Top 5 free video editing apps for smartphones

If you’ve got a modern phone and a good idea, you’ve got everything you need to create compelling video content. You don’t even need a powerful PC and expensive editing software to get started. With free apps you can stitch together impressive projects on your portable device of choice. So whether you want to earn subscribers on YouTube or gain traction on Instagram, you can make videos that stand out from the crowd.

Video is an increasingly influential medium. And stats show that while shorter clips are more dominant, it’s those lasting 15 minutes or more that generate the highest levels of engagement. This gives creatives free rein when putting together footage. Short and sweet isn’t always the answer, but using editing tools effectively can make a big difference. Here are five of the best free apps to expand your video skill set.

Image from Unsplash


Created by the team behind the GoPro action camera range, Splice is a free app which lets you import clips from many different sources, including Dropbox and Facebook. So the footage you edit doesn’t have to be stored locally on your phone.

The straightforward interface makes chopping and changing things around a breeze. There are filters to apply, text overlays to add and even neat touches like animated transitions and playback speed adjustment.

Be warned that videos made in Splice get automatically appended with a clip advertising the app. This means you’ll need to cut this out manually using a separate editor after you’ve exported the finished project, which isn’t ideal.


Images from Splice


Most pros use Apple products to edit videos, so it’s no surprise that the iPhone maker’s own app is one of the best in the business for mobile users.

It takes full advantage of the multi-touch capabilities of the iPhone’s display to streamline editing. And with plenty of pre-made templates you can learn how to properly organise footage, before coming up with your own concepts.

The biggest drawback of this app is that it pulls clips from your device or iCloud account and is not able to import anything from other platforms. Of course being able to save and share your creations on other Apple devices in 4K resolutions makes up for this. You just have to be a committed acolyte of the Apple ecosystem.


Image from Apple


With some of the best customer ratings around, this app has won over thousands of users. And since it’s available on Android handsets as well as iPhone, it’s not tied down by brand loyalties.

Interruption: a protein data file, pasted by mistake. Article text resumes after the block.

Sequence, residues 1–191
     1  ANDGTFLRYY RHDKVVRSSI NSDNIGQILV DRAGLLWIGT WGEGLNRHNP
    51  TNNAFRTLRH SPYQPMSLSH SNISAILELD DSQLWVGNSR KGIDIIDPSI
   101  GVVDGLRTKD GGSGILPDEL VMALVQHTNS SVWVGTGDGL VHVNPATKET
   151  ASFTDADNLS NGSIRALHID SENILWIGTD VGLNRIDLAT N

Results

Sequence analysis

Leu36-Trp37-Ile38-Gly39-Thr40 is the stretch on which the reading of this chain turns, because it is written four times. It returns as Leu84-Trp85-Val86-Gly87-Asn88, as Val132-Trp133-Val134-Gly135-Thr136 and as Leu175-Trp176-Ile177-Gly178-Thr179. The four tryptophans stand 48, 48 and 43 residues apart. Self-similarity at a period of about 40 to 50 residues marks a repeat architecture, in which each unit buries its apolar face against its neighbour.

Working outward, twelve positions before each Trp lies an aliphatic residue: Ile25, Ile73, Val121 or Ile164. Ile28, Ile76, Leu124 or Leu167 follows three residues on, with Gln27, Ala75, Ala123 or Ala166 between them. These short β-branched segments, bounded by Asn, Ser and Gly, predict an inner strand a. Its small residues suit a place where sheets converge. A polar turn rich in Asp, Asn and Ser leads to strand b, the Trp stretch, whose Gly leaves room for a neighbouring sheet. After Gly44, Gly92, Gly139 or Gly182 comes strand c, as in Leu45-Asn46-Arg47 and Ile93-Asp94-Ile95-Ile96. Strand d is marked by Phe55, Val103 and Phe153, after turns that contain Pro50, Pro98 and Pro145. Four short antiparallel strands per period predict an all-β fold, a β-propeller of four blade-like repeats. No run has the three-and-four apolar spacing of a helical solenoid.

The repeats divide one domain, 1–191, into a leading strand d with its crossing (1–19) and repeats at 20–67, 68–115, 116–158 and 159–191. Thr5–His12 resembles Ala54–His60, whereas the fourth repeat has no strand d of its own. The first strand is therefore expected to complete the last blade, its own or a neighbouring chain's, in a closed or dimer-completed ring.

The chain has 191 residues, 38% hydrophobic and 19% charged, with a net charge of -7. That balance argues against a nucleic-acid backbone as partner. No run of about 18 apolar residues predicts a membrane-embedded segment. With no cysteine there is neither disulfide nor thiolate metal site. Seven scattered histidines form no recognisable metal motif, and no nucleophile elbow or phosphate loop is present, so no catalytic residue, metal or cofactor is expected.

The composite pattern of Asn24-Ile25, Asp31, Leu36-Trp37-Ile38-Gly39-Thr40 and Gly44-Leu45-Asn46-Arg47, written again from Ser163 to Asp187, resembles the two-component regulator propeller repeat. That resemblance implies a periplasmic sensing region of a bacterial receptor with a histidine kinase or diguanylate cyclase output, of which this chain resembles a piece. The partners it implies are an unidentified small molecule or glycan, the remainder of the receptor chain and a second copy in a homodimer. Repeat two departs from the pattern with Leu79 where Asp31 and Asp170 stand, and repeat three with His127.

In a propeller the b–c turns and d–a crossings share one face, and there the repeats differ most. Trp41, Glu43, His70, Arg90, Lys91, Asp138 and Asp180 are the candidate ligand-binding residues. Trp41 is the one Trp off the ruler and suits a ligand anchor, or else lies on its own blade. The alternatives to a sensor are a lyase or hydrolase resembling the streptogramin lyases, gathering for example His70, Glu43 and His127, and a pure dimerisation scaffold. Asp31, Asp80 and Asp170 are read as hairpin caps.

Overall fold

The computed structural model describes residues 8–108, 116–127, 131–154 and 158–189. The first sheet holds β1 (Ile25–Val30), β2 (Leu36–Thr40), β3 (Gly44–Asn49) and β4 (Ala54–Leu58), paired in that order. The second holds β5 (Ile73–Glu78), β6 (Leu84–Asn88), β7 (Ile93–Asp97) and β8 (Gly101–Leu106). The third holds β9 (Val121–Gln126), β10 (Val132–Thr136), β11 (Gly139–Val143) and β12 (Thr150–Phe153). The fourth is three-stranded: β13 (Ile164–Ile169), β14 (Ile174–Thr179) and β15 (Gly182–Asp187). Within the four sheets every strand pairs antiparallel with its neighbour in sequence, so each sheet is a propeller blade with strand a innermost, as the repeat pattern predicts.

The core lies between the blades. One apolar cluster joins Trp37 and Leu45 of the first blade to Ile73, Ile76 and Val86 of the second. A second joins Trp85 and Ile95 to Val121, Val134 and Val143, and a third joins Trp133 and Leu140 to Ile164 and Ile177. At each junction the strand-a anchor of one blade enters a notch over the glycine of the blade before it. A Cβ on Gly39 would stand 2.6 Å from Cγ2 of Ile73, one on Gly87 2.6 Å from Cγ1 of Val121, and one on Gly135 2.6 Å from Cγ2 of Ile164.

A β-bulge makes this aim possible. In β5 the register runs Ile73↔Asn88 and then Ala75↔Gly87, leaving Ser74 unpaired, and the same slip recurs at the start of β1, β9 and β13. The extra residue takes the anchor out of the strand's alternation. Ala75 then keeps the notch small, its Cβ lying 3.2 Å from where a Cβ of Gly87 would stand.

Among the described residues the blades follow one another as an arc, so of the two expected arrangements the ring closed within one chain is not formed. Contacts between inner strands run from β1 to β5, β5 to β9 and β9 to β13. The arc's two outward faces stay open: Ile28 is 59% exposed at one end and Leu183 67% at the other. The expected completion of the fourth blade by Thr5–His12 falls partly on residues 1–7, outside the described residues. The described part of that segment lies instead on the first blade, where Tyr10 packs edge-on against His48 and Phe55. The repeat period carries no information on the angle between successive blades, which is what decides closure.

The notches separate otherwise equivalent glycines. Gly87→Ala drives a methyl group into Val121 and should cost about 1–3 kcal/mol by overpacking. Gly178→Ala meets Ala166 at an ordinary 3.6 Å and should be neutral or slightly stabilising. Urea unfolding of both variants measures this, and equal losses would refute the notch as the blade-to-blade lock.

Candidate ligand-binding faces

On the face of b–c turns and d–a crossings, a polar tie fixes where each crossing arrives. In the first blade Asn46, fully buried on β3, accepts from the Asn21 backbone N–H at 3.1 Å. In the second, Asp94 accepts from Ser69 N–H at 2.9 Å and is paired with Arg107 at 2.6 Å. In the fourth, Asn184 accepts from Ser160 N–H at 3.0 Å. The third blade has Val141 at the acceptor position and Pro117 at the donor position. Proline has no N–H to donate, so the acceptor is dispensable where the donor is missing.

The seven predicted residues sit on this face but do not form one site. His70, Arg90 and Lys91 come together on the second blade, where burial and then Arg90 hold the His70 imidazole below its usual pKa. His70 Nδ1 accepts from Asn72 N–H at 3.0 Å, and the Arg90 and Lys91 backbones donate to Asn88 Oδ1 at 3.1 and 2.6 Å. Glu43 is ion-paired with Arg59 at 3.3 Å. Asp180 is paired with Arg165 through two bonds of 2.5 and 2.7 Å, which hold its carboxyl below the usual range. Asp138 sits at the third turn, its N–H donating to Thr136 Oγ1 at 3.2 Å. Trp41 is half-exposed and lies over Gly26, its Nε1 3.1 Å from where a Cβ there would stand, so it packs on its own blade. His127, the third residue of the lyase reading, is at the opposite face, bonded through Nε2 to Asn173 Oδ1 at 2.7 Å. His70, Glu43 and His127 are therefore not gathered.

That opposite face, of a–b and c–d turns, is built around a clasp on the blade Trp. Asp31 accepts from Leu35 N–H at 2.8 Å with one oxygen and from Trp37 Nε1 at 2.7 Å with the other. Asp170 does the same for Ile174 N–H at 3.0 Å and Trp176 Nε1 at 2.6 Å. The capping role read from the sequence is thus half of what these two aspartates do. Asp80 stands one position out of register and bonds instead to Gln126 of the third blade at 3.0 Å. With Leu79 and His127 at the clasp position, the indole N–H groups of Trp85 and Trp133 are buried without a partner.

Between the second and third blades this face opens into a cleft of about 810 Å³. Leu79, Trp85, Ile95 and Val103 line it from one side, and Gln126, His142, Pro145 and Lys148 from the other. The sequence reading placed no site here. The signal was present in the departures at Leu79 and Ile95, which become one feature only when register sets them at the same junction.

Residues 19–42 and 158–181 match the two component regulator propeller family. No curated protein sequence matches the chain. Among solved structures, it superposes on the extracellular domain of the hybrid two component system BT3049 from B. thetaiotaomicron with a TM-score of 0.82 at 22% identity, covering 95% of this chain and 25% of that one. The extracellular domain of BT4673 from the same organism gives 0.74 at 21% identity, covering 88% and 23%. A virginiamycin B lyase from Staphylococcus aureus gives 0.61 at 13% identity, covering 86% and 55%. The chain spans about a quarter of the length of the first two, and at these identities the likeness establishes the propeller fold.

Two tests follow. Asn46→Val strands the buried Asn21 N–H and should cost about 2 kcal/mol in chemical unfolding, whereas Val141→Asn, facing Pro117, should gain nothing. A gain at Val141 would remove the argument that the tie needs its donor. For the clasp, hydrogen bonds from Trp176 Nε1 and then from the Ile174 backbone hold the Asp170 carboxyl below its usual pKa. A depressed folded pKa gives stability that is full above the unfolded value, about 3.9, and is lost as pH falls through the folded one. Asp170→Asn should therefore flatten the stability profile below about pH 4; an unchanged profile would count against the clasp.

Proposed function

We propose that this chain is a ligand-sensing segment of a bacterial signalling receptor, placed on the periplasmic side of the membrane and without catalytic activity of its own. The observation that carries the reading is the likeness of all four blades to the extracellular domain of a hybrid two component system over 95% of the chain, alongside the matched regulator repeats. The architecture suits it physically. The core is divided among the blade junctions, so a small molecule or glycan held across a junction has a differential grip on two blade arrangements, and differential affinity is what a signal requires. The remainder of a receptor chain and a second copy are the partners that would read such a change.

VivaVideo works best for cobbling together clips into short-form videos, with the ability to capture footage from within the app to make things easier. Filters and effects can be added, with in-app purchases allowing you to unlock the flashier features, for a price.

Like Splice, this app manages to do a good job with audio as well as video. You can drop music tracks over footage and tinker with everything until you’re happy with the results. The fact that the interface isn’t that intuitive for first time users is our main bug bear.


Image from iTunes

Adobe Premiere Clip

A big hitter in the professional video editing world, Premiere Clip is a stripped-back version of Adobe’s flagship program that is free to download and use on the move. And with easy exporting to Premier Pro, it makes sense to use this if you’re also going to harness its premium desktop counterpart.

The drag and drop approach to editing it offers is uncomplicated, and there are the usual tricks of the trade including transitions, audio adjustments and more. Solid social media integration makes sharing videos simple, although its library of audio is a little limited compared with the competition.


Image from Google Play Store


Some editing apps are overburdened by ads or super-restricted unless you’re willing to pay for more features to be unlocked. Cameo is different because it doesn’t suffer either of these downsides.

Swiping around the clean, uncluttered interface will feel natural, while the professional grade filters and music options are a welcome inclusion. Meanwhile its integration with artist-friendly video platform Vimeo means you can upload your projects to a place where they’ll be appreciated by likeminded people.

Like all good editing apps, Cameo supports 4K footage and makes it possible to share videos via Twitter, Facebook and even WhatsApp. It’s not entirely perfect, and won’t match its paid-for rivals in terms of raw capabilities.


Image from Vimeo

Final Thoughts

The world of online video is in a state of flux. Content creators are having to battle advertisers to monetize their content. And even the industry’s biggest stars are coming under increased scrutiny over the ways they engage with their young audiences. But the opportunities presented by this technology remain as exciting as ever. It’s just a case of using the available tools for positive expression.